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Old 03-14-2000, 02:20 PM
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Stonehenge Stonehenge is offline
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You're pitching a client with a design for their landscape. You've spent hours putting it together. You've organized it around a theme, a feel, a feng shui attitude, and every material coordinates with that theme.<p>The customer says I like it, but how would it look if we put those concrete half-moons in for edging instead of regular edging....You know you're close to making the sale. That edging destroys the look, makes it look very DIY. Do you sell them on what a great idea they have, or do you politely tell them it's a bad idea? (Is it all about money, or art?)
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Old 03-15-2000, 12:38 AM
Lanelle Lanelle is offline
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Sometimes its best to avoid a direct confrontation about a minor issue at the moment it first arises. Possibly saying something along the lines that the edging decision can be delayed until after the other elements are in place will give you the opportunity to show the client and further educate them about the basis for the design. Once they see the overall effect, you can show them what a couple of pieces of the undesirable edging looks like in place as compared to the regular edging. Explain that the 'elegant simplicity' of the regular edging compliments their new landscape investment--nothing to draw away the eye from the real focus. If they continue to insist, suggest that they live with it without the edgers for a couple of weeks and then let you know what they've decided. Most people begin to understand your lack of enthusiasm and will probably ask why you object. Instead of saying that its ugly, point out that it increases the amount of work and time to mow and edge around those little monsters. Be careful when insulting your clients' taste--after all, they've chosen you, haven't they?<p>----------<br>Lanelle<br>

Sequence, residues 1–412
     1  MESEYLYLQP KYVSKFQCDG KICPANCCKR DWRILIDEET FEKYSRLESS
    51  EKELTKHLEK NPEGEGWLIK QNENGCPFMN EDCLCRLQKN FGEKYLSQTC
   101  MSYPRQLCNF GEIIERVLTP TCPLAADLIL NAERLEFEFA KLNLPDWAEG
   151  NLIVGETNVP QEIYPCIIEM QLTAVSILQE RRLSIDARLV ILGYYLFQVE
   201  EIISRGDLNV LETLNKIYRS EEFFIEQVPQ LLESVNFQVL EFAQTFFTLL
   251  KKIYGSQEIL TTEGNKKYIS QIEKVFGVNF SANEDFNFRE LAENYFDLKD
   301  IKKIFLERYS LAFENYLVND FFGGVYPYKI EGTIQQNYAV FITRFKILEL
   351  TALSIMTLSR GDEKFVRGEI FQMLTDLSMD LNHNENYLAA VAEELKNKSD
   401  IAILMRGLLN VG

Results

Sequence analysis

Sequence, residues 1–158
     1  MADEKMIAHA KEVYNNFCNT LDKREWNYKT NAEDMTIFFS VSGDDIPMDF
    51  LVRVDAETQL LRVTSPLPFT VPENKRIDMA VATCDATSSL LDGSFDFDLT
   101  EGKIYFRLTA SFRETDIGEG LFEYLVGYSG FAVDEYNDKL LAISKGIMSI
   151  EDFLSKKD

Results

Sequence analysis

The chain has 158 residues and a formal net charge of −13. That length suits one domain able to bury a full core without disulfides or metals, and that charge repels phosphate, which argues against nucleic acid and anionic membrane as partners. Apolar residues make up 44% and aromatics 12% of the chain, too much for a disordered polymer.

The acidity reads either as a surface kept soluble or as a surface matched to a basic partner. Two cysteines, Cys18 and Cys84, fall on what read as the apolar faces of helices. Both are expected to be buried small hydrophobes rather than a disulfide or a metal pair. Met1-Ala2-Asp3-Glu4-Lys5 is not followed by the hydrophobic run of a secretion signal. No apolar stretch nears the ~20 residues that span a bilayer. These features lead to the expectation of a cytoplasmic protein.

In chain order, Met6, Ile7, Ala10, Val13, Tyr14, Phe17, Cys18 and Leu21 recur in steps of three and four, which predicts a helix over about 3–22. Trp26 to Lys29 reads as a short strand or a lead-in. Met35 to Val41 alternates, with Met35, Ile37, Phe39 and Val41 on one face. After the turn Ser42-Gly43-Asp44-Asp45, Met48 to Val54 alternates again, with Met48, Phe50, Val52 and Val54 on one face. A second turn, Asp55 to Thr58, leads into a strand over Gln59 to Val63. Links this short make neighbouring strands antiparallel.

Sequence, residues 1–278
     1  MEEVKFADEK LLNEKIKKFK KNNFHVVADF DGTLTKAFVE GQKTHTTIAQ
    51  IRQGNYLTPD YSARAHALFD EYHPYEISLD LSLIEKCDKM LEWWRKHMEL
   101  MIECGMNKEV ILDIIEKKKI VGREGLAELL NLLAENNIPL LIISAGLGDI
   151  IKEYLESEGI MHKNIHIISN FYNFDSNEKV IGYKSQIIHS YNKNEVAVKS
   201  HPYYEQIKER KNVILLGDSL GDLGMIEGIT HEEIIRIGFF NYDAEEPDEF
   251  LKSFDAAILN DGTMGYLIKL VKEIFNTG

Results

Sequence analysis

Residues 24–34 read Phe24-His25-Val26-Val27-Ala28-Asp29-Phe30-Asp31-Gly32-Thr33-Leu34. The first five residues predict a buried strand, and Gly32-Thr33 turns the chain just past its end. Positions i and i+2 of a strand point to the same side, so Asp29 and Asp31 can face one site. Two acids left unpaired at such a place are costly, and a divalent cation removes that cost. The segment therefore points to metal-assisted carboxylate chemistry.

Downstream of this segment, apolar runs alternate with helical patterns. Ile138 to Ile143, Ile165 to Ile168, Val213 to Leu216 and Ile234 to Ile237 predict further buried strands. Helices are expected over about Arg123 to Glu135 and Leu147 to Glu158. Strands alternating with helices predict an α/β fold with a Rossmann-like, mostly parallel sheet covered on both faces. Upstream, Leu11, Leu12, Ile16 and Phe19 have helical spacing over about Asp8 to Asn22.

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Old 03-15-2000, 11:08 AM
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Stonehenge Stonehenge is offline